Congress is once again considering passing new laws regulating piracy on the Internet. The House of Representatives is currently considering passing the Stop Online Piracy Act. But many oppose the Act—and you should too. If it becomes law, as one Congresswoman exclaimed, it “would mean the end of the internet as we know it.” Similarly, Internet companies like Google and Facebook also openly oppose it. The Act even prompted online protests by Tumblr, Reddit and Firefox. Why do so many oppose the Stop Online Piracy Act, and why should you be concerned? Read our coverage to find out.
What the Act Does
Basically, the Act creates a mechanism for both the U.S. Attorney General and private parties to target websites hosting infringing materials. For the Attorney General, the Act grants it the power to both block access to it and cutoff its financial resources. But for private parties, the Act grants them only the power to cutoff an infringing website's financial resources.
The Legal Language
Section 102 of the Stop Online Piracy Act allows the U.S. Attorney General to block access to websites that "commit or facilitat[e] the commission of [trafficking in counterfeit labels or goods], [criminal infringement of copyright], [unauthorized fixation of and trafficking in sound recordings], [unauthorized recording of motion pictures], or [violation of trade secrets laws]." And after obtaining court approval, the Attorney General can then force certain types companies to take "technically feasible and reasonable measures" to take certain acts. She can force Internet service providers to "prevent access" to the site, Internet search engines to not link to the site, payment network providers (such as PayPal) to prevent payment transactions with the site, and she can force Internet advertising services (such as Google AdSense) to not provide advertisements to the site. Similarly, Section 103 of the Stop Online Piracy Act grants some of these same rights to private parties. It allows private parties to cutoff funding from websites that "offer goods or services in a manner that engages in, enables, or facilitates . . . [copyright infringement or circumvention or trafficking of stolen goods]". It also creates a notice-and-takedown system similar to the DMCA. This means that after a private party claims a website enables or facilitates infringing content, the offending site can either remove the offending material (and escape liability) or file a counter-notification. If the site doesn't remove the offending material, the private party can sue the website. The private party has the same two remedies towards payment network providers and Internet advertising services as the Attorney General has under Section 102.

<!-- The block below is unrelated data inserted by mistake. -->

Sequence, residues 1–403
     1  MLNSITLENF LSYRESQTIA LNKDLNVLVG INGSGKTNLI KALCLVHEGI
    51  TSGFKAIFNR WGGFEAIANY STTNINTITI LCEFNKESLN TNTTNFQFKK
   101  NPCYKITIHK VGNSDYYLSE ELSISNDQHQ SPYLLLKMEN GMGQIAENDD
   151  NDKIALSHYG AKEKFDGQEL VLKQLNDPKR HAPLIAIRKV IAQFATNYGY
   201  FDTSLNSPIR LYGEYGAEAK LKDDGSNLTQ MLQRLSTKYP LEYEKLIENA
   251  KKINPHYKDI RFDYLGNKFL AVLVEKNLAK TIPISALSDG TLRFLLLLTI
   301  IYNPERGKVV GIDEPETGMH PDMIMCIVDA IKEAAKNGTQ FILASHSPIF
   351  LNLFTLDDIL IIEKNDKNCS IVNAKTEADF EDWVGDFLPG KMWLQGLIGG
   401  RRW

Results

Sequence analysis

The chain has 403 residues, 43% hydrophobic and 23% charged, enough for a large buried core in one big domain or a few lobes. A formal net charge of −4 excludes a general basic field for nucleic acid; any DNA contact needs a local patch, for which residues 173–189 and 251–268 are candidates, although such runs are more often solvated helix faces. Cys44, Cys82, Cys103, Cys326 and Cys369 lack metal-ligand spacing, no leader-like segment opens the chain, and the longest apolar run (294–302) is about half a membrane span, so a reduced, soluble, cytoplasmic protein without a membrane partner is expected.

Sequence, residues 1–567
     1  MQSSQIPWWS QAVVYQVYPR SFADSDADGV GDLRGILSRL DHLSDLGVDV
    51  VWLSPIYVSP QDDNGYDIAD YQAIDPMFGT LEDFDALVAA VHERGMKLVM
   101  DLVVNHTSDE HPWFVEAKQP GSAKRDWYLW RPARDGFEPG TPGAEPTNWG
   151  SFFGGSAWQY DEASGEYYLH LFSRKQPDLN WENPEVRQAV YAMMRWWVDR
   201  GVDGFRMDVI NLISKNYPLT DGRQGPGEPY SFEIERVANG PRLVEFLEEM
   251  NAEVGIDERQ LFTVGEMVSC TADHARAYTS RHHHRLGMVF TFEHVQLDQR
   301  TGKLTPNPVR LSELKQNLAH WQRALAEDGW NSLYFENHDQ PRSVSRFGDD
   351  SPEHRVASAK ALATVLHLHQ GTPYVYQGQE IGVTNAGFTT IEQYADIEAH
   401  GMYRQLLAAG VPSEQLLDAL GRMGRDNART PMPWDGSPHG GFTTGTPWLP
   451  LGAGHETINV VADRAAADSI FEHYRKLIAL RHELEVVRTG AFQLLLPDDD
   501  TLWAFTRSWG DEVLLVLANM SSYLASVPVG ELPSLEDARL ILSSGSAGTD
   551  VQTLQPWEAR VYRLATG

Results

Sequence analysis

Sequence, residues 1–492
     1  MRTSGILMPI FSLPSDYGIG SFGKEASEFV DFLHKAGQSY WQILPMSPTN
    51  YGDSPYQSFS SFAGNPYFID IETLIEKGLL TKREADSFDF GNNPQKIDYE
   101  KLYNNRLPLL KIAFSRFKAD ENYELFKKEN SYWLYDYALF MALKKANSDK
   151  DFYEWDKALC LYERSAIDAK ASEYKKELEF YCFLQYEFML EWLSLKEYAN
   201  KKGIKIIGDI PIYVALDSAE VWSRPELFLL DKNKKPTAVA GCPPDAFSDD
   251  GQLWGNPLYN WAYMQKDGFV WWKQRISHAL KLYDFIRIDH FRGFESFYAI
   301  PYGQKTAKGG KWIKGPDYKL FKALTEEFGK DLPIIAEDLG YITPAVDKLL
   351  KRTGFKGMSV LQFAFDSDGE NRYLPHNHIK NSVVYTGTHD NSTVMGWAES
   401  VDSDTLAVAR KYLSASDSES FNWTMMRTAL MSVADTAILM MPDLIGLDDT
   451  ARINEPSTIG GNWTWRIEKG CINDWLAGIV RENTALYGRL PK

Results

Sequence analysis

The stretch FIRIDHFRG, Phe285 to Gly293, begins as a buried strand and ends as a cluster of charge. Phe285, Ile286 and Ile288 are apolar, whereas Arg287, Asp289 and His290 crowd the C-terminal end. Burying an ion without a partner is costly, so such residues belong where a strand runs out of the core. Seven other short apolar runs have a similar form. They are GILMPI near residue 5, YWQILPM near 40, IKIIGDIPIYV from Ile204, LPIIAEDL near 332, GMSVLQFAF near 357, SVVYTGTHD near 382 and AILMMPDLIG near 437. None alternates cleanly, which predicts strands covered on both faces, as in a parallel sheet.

Why You Should Be Concerned
We could criticize the Stop Online Piracy Act at length. But three of the most glaring criticisms are the Act's breadth, risk of abuse, and their resulting consequences. The Stop Online Piracy Act is incredibly broad. Whenever a website enables or facilitates copyright infringement, it grants the copyright holder the right to order removal of the infringing material or to face the consequences of cutting financial resources. This includes virtually every single activity on the Internet, including email and social media. The Act also creates a danger of abuse, such as from false takedown claims. Many have made false DMCA takedown claims; the same could easily happen with the Stop Online Piracy Act. Increasing this risk is the breadth of the Act. It may lead to copyright holders suing over activities that would normally be considered legal. The Act's breath and abuse create several consequences. It would, for example, "significantly chill innovation in social media and undermine social websitesʼ central role in fostering free expression."
As of recently, it appears that the House of Representatives will not pass the Stop Online piracy Act. But that result is not yet certain. And further, the Senate has a similar prospective law (the Protect IP Act) that creates almost as devastating consequences. We urge you to join the fight against this ill-conceived legislation by contacting your Congressmen.